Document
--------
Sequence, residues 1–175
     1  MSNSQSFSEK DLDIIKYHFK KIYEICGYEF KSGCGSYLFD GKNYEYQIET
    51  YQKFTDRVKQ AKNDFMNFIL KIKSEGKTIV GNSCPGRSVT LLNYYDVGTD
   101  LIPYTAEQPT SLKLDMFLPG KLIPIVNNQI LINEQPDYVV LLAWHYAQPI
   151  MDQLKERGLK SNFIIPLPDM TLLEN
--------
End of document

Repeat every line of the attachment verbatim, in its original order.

Sequence, residues 1–175
     1  MSNSQSFSEK DLDIIKYHFK KIYEICGYEF KSGCGSYLFD GKNYEYQIET
    51  YQKFTDRVKQ AKNDFMNFIL KIKSEGKTIV GNSCPGRSVT LLNYYDVGTD
   101  LIPYTAEQPT SLKLDMFLPG KLIPIVNNQI LINEQPDYVV LLAWHYAQPI
   151  MDQLKERGLK SNFIIPLPDM TLLEN